To my mind, therefore, the Supreme Court’s judgment stands out in two respects, and deserves a close reading from students of transitional justice. First, the Court framed it not merely as a question of redress (which it undoubtedly is), but also as a question of periodic recommitment (or renewal) that State institutions the polity must undertake towards the rule of law and the fundamental rights regime. This brings the past into a continuing dialogue with the present (and the future), and ensure that – through the vehicle of constitutional law – the present and the future will continue to be informed by the past. And secondly, when it came to questions of evidence and burdens and standards of proof, even though three decades had passed, and individual claims were no longer supported by categorical evidence, the Court skilfully used judicial empathy and imagination to bridge the gap between the established facts (violent police break-up of protests) and the constitutional guarantee (against inhuman treatment). This serves as an object lesson in how to deal with history in a sensitive and even-handed manner.
As a final point, it is perhaps important to note that the Court’s task was made easier by historical and social consensus around the past: at one point, the Court noted that it was recognised that the period in question was a repressive period, where the State’s own (subsequently commissioned) reports showed that all state organs (including courts) were deeply hostile to accountability. The Court was able to draw upon relatively established sources – academic histories, State reports, court judgments – all of which converged upon this understanding. This perhaps shows that while the role of courts in transitional justice contexts is crucial, that role needs to be built upon previously-laid foundations by political and social movements for the rule of law and against impunity. It is only once these movements establish a consensus around what the past meant, that the Courts can come in and provide justice. This is perhaps something to think about in other contexts, where authoritarian pasts are themselves contested, down to the bare facts of what happened (let alone why, or what the justifications were).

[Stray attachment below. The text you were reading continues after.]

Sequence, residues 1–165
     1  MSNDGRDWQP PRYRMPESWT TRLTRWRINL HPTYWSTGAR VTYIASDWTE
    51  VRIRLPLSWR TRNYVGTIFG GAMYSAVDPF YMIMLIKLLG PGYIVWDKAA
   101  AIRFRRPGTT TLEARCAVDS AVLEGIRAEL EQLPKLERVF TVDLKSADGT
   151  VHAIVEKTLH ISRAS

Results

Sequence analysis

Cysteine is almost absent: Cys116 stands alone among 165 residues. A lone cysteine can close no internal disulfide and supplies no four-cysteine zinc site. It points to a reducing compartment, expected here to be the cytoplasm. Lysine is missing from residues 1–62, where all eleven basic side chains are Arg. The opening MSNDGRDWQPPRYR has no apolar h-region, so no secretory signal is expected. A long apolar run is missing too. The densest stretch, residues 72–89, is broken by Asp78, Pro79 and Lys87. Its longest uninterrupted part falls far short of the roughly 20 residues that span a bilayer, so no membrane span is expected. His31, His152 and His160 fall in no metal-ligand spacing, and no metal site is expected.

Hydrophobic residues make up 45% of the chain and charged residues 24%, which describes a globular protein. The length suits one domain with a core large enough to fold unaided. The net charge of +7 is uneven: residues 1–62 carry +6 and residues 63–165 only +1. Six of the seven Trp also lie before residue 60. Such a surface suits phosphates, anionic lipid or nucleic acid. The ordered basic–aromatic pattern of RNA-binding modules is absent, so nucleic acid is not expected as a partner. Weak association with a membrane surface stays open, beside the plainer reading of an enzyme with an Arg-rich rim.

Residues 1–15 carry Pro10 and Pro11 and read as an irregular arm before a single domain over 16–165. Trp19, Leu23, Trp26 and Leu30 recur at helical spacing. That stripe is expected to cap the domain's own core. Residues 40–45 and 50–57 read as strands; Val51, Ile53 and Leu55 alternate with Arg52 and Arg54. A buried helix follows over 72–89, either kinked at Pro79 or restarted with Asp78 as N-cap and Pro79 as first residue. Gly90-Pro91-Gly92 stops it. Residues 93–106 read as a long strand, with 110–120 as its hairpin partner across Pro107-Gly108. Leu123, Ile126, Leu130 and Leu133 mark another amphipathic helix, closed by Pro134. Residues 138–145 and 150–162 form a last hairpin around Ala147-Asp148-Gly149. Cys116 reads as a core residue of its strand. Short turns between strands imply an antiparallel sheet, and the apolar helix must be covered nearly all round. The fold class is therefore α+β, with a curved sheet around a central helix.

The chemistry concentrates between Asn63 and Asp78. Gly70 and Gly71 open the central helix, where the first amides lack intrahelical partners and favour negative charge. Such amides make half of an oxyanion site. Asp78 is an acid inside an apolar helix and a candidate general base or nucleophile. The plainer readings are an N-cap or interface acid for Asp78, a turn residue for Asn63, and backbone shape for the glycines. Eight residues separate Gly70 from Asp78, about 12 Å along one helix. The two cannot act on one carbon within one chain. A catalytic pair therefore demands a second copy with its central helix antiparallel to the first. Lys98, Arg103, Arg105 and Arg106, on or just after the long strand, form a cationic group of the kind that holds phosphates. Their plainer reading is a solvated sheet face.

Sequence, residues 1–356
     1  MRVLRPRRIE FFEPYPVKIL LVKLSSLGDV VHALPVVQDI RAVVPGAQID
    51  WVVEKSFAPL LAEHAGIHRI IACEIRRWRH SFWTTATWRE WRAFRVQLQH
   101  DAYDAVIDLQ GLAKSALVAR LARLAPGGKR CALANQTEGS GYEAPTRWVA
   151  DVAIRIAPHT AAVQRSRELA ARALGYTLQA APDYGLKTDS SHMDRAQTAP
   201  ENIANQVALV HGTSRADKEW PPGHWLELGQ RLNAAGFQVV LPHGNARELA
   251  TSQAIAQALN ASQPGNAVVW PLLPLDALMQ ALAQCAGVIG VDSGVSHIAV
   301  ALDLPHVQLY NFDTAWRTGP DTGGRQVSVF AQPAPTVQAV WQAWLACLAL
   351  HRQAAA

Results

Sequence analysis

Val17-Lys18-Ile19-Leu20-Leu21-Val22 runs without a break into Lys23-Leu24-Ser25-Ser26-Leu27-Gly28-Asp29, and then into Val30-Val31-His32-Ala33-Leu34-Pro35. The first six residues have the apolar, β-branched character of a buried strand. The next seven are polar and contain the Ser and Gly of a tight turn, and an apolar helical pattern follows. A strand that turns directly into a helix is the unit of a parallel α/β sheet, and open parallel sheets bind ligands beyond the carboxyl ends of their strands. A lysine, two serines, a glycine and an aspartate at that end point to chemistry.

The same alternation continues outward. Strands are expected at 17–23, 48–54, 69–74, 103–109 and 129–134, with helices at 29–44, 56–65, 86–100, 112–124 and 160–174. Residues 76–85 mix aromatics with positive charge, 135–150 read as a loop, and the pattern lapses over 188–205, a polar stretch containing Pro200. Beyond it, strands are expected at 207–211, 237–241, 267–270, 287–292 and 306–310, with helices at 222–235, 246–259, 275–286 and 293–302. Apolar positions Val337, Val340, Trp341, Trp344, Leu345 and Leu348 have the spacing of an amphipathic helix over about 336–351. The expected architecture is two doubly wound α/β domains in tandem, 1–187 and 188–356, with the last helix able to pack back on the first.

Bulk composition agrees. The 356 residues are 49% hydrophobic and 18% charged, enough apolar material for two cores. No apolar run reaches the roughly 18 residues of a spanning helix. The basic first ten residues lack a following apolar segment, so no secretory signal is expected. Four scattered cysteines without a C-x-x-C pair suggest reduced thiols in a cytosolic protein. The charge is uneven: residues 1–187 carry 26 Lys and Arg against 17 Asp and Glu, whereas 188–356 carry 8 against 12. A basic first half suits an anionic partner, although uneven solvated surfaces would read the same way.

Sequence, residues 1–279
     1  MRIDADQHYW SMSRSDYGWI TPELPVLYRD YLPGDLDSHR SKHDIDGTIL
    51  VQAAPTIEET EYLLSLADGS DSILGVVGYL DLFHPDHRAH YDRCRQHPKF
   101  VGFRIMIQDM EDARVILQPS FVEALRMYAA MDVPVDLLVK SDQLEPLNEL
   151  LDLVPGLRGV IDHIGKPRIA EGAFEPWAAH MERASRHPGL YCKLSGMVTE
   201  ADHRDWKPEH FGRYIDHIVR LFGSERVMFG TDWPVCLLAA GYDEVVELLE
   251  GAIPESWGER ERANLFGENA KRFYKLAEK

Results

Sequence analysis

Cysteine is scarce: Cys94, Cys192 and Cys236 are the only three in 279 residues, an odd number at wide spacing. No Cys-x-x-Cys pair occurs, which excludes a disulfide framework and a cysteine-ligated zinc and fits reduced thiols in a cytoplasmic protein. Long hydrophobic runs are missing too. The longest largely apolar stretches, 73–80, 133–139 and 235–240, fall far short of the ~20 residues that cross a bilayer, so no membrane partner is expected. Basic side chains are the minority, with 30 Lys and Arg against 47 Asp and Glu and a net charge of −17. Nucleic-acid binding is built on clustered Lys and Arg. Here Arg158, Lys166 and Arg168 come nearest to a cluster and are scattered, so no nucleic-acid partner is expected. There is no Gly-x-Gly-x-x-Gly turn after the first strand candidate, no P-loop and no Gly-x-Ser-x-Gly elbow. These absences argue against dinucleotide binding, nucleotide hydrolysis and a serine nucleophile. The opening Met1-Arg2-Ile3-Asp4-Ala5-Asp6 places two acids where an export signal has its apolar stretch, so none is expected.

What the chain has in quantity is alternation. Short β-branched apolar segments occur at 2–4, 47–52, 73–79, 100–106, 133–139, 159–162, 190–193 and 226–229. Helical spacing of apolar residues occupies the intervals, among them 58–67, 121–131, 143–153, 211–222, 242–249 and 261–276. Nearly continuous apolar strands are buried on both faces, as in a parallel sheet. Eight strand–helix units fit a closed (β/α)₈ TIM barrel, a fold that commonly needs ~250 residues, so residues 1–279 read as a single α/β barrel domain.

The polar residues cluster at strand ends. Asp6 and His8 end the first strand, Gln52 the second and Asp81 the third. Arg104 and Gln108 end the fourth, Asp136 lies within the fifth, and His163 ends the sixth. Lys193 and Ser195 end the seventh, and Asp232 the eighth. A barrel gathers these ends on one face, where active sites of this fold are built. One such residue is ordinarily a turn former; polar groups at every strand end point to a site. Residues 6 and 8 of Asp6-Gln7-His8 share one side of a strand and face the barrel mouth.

With that said, Wamwere vs The Attorney-General is an important addition to the global conversation on the intersection between law, the courts, and transitional justice.
This article was first published in the Indian Constitutional Law and Philosophy blog: https://indconlawphil.wordpress.com/2023/01/30/the-struggle-of-memory-against-forgetting-the-kenyan-supreme-courts-judgment-on-transitional-justice/